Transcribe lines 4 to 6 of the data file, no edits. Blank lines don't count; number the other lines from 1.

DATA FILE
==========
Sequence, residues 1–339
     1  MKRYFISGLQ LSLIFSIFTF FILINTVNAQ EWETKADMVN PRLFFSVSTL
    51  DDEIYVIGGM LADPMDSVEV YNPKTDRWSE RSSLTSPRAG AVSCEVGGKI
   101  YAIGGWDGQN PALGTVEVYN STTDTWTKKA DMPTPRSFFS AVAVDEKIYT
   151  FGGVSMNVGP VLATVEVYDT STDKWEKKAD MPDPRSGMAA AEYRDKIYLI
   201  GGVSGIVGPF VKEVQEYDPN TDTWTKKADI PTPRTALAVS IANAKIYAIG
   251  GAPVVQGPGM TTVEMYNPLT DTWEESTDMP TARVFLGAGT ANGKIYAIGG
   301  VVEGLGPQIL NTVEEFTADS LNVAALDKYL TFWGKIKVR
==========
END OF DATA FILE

   101  YAIGGWDGQN PALGTVEVYN STTDTWTKKA DMPTPRSFFS AVAVDEKIYT
   151  FGGVSMNVGP VLATVEVYDT STDKWEKKAD MPDPRSGMAA AEYRDKIYLI
   201  GGVSGIVGPF VKEVQEYDPN TDTWTKKADI PTPRTALAVS IANAKIYAIG